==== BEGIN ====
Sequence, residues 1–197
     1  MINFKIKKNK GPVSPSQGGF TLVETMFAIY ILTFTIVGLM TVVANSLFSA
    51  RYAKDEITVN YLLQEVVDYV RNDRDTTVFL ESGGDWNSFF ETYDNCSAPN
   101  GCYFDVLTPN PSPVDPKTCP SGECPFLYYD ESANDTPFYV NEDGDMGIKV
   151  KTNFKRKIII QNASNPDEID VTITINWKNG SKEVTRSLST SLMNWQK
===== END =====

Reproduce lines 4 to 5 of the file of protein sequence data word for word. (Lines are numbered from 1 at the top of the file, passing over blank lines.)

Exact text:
   101  GCYFDVLTPN PSPVDPKTCP SGECPFLYYD ESANDTPFYV NEDGDMGIKV
   151  KTNFKRKIII QNASNPDEID VTITINWKNG SKEVTRSLST SLMNWQK